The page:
Table of Key Nutrients

 

 Table of 20 key nutrients

Nutrient

Adult RDA or AI*

Common therapeutic range  (daily intake)

Dietary considerations concerning adequacy of average daily intake

 

Key minerals

 Calcium
(Ca)

1000–1200 mg

800–1200 mg

Typical diet is inadequate, averaging 500–850 mg.

 

Phosphorus
(P)

1250 mg 9–18 yrs
700 mg adults

800–1200 mg

Inadequate intake is rare except in elderly and malnourished. Excess intake common with use of processed foods and soft drinks — ~1500 mg/day in men and ~1025 mg/day in women.

 

Magnesium
(Mg)

420 mg adult males
320 mg adult females

400–800 mg

Intake generally inadequate among all ages, sexes, and classes except children under the age of 5; 40% of total population and 50% of adolescents consume 66% of RDA; and 56% of all Americans have intakes below Estimated Average Requirement (EAR).

 

Chromium
(Cr)

30–35 mcg, adult males
20–25 mcg, adult females 

200–1000 mcg 

Common intake in the US is 50 mcg or lower.

 

Silica
(Silicon — Si)

No values set to date

5-20 mg

Intake significantly higher in men (30–33 mg/day) than in women (~25 mg/day), yet generally suboptimal. Silica is the first element to go in food processing.

 

Zinc
(Zn)

11 mg adult males
8 mg adult females

12–30 mg

Average intake is 46–63% of RDA. Marginal zinc deficiency is common, especially among children.

 

Manganese
(Mn)

2.3 mg (AI) adult males
1.8 mg (AI) adult females 

2–10 mg

Intake generally inadequate, at 1.76 mg adolescent girls; 2.05 mg adult females; and 2.5 mg adult men.

 

Copper
(Cu)

900 mcg adults
(0.90 mg)

1–3 mg

75% of diets fail to contain RDA. Average daily intake is below the RDA.

 

Boron
(B)

No RDA established

3–5 mg

Common daily intake is only 0.25 mg, to possible optimum of 3.0 mg.

 

Potassium
(K)

4700 mg adults

4000–6000 mg 

Adult intake averages 2300 mg for women and 3100 mg for men.

 

Strontium

No RDA established

3–30 mg (supplements)
up to 680 mg (in medications)

Daily dietary intake thought to vary from 1 mg to more than 10 mg.

 

Key vitamins

Vitamin D

600 IU 1-70 yr
800 IU >70 yr

800–2000 IU and up, as needed

Numerous experts say that a billion people worldwide are deficient today. Deficiency is especially common among people who are elderly, dark skinned, and those with little UV sunlight exposure. A simple, inexpensive blood test for 25(OH)D is the best way to determine vitamin D status and need.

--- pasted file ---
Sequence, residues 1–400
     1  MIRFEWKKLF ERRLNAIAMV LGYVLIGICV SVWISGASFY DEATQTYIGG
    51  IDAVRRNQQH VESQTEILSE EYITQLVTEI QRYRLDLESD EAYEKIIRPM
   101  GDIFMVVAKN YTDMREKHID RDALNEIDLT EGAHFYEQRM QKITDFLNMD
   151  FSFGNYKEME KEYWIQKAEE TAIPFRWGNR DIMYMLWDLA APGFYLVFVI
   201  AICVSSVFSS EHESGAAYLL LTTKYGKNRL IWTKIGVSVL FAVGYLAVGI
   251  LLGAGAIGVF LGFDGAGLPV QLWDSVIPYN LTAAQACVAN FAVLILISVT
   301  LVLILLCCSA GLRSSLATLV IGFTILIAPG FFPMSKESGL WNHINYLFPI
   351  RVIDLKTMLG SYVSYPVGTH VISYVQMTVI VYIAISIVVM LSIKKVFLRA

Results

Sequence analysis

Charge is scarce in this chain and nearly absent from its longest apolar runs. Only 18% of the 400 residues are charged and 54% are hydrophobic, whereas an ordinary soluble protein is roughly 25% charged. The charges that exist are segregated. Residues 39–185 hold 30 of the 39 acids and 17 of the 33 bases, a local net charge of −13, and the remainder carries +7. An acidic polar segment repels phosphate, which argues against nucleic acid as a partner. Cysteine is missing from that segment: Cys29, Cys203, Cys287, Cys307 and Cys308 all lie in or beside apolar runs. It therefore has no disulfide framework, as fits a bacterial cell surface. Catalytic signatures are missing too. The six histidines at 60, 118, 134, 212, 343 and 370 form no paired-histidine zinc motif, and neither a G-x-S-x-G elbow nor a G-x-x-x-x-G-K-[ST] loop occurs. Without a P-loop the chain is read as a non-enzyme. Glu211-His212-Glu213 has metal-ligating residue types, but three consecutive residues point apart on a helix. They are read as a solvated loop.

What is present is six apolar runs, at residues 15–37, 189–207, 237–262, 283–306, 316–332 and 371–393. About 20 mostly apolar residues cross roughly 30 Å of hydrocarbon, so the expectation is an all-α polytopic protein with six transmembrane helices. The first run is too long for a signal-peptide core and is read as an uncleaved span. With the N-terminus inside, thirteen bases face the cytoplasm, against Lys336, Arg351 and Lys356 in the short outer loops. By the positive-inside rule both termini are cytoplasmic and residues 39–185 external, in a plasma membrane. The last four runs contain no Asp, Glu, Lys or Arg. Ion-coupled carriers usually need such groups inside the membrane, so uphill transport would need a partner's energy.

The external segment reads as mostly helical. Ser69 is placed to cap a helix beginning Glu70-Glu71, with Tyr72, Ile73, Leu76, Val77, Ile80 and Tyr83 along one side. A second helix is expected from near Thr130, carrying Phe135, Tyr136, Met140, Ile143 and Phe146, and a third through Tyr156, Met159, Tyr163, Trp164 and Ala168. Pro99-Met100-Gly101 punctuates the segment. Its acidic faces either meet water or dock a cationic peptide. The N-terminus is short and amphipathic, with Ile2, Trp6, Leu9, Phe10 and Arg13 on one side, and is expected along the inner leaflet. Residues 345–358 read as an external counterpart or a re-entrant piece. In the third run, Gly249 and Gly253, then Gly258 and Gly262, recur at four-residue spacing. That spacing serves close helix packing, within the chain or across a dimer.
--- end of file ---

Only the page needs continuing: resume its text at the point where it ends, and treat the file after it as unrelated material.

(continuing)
Vitamin C

90 mg adult males
75 mg adult females

Oral 500–3000 mg (and upward to bowel tolerance), as needed.

Average daily intake is about 95 mg for women and 107 mg for men. Based on US survey of nearly 9000 people, intake for 31% of population is below Estimated Average Requirement (EAR).

 

Vitamin A

2997 IU adult males
2331 IU adult females

5000 IU or less 

44% of US population has intake below EAR.

 

Vitamin B6

1.3–1.7 mg adult males
1.3–1.5 mg adult females 

25–50 mg

Studies indicate widespread inadequate vitamin B6 consumption among all sectors of the population; >50% of population consume 70% RDA.

 

Folic acid/folate
(vitamin B9)

400 mcg adults
(0.4 mg)

400–1000 mcg
(0.4–1 mg)

Inadequate intake common among all age groups; although improving with food fortification, 49% of participants in NHANES survey had intakes below Estimated Average Requirement (EAR).

 

Vitamin B12

2.4 mcg adults

150–1000 mcg 

Up to 40% of US population have marginal B12 status. Older people and vegans are especially at risk.

 

Vitamins K1 and K2

K1:
120 mcg adult males
90 mcg adult females
K2:
No recommended intake

K1:
250–1000 mcg
K2:
45–180 mcg MK-7 (menaquinone-7)

K1:
Averages 45–150 mcg, which is well below the recommended AI.
K2:
Average US intake 9–12 mcg (if any).

 

Other nutrients

Fats

Should comprise minimum of 7% total calories. General recommendation is not to exceed 30% of caloric intake.

20–30% of total calories is perhaps more ideal

Average American consumes ~33% of his/her calories in fat. Consumption of essential fatty acids (EFA’s), however, is frequently inadequate.

 

Protein

0.8 g/kg per day adult males and females
125-lb person = 45 g
175-lb person = 63 g
56 g adult males
46 g adult females

1.0–1.5 g/kg

Daily intake commonly exceeds 100 g, but the elderly and some women often have very deficient intake. Higher protein intake should be balanced with higher RDA level potassium intake from food sources.

 
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